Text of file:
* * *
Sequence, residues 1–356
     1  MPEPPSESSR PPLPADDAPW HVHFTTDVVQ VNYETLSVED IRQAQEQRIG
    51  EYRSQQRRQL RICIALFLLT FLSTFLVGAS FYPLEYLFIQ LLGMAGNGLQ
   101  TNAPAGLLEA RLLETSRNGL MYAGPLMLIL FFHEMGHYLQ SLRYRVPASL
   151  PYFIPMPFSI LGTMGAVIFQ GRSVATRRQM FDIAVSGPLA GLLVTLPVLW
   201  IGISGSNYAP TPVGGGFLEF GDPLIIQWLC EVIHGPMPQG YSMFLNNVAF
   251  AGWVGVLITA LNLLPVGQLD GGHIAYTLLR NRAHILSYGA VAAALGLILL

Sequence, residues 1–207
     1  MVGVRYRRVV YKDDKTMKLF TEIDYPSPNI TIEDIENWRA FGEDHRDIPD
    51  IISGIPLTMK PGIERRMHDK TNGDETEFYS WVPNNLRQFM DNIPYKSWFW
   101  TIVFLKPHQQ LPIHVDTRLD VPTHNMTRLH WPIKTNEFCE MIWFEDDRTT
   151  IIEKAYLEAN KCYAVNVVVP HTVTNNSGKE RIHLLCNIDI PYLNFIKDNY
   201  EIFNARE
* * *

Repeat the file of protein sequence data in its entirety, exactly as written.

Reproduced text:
Sequence, residues 1–356
     1  MPEPPSESSR PPLPADDAPW HVHFTTDVVQ VNYETLSVED IRQAQEQRIG
    51  EYRSQQRRQL RICIALFLLT FLSTFLVGAS FYPLEYLFIQ LLGMAGNGLQ
   101  TNAPAGLLEA RLLETSRNGL MYAGPLMLIL FFHEMGHYLQ SLRYRVPASL
   151  PYFIPMPFSI LGTMGAVIFQ GRSVATRRQM FDIAVSGPLA GLLVTLPVLW
   201  IGISGSNYAP TPVGGGFLEF GDPLIIQWLC EVIHGPMPQG YSMFLNNVAF
   251  AGWVGVLITA LNLLPVGQLD GGHIAYTLLR NRAHILSYGA VAAALGLILL

Sequence, residues 1–207
     1  MVGVRYRRVV YKDDKTMKLF TEIDYPSPNI TIEDIENWRA FGEDHRDIPD
    51  IISGIPLTMK PGIERRMHDK TNGDETEFYS WVPNNLRQFM DNIPYKSWFW
   101  TIVFLKPHQQ LPIHVDTRLD VPTHNMTRLH WPIKTNEFCE MIWFEDDRTT
   151  IIEKAYLEAN KCYAVNVVVP HTVTNNSGKE RIHLLCNIDI PYLNFIKDNY
   201  EIFNARE